Expressing energy in terms of oil is misleading
Pardon my smugness — it comes from being raised in a land that uses the metric system. So this idea that’s been making the rounds — expressing energy content in “cubic miles of oil” — don’t impress me much. Why not cubic cubits?
Fortunately, someone’s done the heavy lifting of criticizing this idea a bit more thoroughly:
It seems to me that such a nomenclature makes people think of energy in terms of imperial units and in terms of petroleum products.
And it makes everything else look like a lot – compared to the oil. It only takes one oil to make up 32,000 or so wind turbines (for 50 years) …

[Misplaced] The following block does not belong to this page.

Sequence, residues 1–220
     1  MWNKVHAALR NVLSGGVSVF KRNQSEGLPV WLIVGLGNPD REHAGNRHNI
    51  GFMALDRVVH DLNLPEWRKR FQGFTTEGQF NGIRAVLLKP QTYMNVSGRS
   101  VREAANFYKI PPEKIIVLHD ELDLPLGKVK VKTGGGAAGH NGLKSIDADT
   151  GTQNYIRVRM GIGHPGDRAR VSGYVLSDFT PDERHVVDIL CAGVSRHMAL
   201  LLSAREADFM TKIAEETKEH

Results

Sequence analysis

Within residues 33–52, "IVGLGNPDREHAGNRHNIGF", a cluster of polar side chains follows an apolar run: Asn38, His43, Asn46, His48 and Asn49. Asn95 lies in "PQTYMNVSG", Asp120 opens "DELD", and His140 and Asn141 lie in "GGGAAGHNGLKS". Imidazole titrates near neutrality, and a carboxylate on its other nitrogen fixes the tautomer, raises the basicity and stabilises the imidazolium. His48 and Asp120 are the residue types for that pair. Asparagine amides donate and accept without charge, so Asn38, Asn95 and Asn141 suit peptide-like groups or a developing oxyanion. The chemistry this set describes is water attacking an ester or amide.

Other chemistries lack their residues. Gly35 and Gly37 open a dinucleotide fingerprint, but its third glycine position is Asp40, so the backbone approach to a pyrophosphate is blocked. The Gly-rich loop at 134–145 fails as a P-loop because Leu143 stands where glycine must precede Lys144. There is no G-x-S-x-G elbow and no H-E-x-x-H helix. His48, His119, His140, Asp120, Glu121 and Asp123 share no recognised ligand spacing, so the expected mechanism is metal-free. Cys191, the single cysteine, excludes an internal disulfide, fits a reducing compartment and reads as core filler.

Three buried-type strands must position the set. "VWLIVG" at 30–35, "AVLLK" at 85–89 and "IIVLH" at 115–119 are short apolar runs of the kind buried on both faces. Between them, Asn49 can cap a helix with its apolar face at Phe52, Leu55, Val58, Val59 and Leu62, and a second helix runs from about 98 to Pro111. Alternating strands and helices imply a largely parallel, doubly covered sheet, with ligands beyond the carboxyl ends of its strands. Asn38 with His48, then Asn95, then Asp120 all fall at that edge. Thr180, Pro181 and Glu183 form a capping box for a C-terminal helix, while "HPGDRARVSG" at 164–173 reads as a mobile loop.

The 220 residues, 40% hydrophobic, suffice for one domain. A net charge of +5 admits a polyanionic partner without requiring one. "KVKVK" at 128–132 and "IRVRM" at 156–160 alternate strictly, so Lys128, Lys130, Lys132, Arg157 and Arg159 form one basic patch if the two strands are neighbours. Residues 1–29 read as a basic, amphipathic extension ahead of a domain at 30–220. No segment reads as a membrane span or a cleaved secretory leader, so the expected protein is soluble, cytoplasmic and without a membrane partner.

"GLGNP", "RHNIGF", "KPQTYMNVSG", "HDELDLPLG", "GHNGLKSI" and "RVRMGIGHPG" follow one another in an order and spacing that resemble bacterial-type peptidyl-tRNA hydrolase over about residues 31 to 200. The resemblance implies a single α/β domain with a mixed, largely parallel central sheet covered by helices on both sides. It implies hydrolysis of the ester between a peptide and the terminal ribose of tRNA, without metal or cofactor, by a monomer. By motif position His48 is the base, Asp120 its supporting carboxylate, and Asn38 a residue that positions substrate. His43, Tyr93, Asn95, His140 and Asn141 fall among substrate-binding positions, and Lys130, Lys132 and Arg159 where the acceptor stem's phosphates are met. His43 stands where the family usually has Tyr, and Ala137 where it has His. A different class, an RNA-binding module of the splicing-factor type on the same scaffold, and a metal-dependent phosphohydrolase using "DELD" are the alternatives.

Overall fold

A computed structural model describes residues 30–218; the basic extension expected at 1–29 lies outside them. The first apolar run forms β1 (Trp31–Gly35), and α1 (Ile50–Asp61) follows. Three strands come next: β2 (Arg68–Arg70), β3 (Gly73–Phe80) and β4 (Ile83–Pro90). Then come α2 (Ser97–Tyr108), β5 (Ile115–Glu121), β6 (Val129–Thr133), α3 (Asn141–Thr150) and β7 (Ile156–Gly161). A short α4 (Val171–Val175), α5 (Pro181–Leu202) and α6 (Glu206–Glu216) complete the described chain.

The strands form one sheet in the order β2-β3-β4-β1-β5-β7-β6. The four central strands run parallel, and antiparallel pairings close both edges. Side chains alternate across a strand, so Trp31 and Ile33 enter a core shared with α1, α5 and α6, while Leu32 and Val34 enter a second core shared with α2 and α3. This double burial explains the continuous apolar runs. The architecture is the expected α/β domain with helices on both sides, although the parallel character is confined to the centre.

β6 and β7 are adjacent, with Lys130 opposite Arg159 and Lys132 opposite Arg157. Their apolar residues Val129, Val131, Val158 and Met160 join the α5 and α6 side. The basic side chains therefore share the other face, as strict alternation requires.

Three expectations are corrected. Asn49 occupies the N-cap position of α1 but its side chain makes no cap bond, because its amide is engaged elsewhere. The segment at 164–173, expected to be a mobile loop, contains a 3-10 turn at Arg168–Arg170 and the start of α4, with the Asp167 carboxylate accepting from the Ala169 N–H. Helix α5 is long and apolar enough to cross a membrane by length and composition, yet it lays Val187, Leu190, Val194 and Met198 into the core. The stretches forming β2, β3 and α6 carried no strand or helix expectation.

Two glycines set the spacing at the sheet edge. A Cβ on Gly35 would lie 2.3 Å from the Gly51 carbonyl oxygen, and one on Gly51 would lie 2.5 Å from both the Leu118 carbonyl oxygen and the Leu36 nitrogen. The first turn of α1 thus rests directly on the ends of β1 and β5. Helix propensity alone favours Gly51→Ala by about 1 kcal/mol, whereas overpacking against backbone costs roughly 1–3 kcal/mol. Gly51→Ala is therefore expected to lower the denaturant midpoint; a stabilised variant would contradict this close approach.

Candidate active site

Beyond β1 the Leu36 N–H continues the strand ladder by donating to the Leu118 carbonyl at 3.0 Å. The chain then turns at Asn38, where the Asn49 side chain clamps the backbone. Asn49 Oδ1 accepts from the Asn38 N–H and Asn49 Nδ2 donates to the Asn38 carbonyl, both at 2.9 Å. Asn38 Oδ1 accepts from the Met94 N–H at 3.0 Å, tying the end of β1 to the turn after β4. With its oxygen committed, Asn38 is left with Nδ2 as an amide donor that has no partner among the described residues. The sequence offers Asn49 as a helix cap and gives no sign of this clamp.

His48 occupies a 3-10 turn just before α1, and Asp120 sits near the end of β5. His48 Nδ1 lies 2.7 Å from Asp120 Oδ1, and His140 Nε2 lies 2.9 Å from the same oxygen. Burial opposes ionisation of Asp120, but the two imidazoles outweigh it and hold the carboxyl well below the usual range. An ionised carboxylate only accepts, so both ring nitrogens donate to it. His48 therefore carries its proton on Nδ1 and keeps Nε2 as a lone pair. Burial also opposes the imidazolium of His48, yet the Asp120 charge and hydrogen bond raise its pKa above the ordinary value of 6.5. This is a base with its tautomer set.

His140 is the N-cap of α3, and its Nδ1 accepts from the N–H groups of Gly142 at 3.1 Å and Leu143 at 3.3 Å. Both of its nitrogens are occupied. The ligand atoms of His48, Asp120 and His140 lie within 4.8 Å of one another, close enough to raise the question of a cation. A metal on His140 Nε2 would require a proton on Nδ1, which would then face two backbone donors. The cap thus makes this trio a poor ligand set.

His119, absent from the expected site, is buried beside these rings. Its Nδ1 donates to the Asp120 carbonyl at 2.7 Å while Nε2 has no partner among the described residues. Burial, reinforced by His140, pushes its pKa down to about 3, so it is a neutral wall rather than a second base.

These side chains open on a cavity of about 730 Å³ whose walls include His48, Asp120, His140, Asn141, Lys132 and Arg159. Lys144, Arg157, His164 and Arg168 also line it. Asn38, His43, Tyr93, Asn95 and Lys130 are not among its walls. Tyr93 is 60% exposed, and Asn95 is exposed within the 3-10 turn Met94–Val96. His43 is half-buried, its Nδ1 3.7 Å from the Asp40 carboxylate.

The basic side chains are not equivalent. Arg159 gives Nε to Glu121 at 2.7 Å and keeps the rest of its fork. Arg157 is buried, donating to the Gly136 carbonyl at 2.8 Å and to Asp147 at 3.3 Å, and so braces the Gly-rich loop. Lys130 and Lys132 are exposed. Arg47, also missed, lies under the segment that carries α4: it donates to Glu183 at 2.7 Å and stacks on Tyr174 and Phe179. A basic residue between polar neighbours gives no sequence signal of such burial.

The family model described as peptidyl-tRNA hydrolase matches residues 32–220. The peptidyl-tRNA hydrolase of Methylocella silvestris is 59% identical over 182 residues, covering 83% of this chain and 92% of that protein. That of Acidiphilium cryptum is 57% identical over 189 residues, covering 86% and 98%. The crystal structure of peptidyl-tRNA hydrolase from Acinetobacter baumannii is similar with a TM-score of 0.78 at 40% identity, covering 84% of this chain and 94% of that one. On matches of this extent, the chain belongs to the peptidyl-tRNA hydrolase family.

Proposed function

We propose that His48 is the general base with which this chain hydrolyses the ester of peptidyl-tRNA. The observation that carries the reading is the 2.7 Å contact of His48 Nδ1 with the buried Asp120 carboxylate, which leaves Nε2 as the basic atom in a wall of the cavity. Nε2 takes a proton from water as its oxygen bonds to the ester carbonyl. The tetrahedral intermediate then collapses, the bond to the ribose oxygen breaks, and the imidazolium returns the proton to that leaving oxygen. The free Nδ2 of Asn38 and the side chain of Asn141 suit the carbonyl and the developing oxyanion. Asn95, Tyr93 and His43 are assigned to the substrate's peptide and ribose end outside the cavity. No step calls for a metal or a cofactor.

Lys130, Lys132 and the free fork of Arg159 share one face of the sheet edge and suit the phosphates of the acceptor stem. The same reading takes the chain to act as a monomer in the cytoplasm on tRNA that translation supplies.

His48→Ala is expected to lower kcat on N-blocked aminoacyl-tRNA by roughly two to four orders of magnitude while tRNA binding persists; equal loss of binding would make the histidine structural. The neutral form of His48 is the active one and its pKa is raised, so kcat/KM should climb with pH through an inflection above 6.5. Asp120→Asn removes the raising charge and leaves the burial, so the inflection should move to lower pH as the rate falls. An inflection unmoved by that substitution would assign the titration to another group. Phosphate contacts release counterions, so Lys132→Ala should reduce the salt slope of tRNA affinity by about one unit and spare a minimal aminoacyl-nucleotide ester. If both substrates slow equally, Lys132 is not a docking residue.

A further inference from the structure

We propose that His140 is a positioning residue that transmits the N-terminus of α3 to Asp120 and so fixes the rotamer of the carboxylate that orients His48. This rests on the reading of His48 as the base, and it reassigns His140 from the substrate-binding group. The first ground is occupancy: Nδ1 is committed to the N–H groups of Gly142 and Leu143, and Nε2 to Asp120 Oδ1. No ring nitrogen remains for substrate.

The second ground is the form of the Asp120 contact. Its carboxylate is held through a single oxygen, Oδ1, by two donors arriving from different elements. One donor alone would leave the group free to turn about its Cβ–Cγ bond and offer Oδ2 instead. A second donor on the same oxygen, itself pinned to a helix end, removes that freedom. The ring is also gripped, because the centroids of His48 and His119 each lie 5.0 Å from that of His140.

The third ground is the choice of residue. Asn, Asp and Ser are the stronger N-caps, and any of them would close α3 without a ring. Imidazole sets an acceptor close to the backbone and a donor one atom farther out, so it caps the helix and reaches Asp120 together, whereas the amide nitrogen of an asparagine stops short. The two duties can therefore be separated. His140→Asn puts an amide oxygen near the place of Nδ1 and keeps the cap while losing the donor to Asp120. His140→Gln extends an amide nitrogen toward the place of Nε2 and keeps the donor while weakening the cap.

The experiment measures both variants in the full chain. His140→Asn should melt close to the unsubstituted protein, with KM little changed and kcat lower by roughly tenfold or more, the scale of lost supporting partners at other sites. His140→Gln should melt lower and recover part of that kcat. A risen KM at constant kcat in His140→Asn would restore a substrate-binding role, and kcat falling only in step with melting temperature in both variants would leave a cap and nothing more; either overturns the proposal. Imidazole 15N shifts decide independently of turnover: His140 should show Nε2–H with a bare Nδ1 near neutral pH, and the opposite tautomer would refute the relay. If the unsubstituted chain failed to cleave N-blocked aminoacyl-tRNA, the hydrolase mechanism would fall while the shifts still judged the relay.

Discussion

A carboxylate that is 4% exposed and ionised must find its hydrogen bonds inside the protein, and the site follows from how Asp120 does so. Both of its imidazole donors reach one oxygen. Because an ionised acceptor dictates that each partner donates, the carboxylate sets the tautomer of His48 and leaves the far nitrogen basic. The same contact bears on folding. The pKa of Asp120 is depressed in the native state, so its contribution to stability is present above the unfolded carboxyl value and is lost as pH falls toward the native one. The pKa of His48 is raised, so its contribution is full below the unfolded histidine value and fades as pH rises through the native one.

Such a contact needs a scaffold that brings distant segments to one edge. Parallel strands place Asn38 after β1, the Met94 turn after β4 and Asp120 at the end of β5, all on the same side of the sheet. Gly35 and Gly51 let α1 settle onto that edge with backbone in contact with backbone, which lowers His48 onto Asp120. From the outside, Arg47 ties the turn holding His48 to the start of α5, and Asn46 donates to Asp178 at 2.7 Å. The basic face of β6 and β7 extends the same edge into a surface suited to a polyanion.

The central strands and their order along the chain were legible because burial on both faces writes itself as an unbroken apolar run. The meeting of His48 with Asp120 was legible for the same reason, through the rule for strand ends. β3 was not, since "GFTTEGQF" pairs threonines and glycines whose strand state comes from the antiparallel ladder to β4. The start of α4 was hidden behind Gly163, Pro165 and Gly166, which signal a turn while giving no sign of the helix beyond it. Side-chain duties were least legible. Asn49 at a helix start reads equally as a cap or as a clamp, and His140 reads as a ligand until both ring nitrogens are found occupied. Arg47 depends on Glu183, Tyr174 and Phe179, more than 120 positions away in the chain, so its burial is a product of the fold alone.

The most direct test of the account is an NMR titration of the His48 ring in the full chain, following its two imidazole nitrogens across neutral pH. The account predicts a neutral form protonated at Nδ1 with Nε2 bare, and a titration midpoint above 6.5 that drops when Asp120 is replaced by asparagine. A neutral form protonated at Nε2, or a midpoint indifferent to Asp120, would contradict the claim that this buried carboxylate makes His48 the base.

From one point of view, the use of CMO is ‘simple’. From another point of view, the use of CMO is politically loaded and culturally specific.
Exactly. If you take a look at the picture, it makes it look like replacing oil would be an impossible task — nearly a hundred million solar panels to replace our oil use for just one year!
Worse still, the image obviously biases our thinking towards large, destructive, centralized production of energy and away from more sustainable options. It “only” takes four Three Gorges Dams, but tens of thousands of windmills! To the uninformed eye, the implication is clearly anti-renewable energy.
Worst of all, framing it in this fashion makes it look like the whole point is to replace all of the oil we use with renewable energy, on a joule-for-joule basis. That’s idiotic. The point is to reduce the number of joules we use first, then start replacing.
Get Grist in your inbox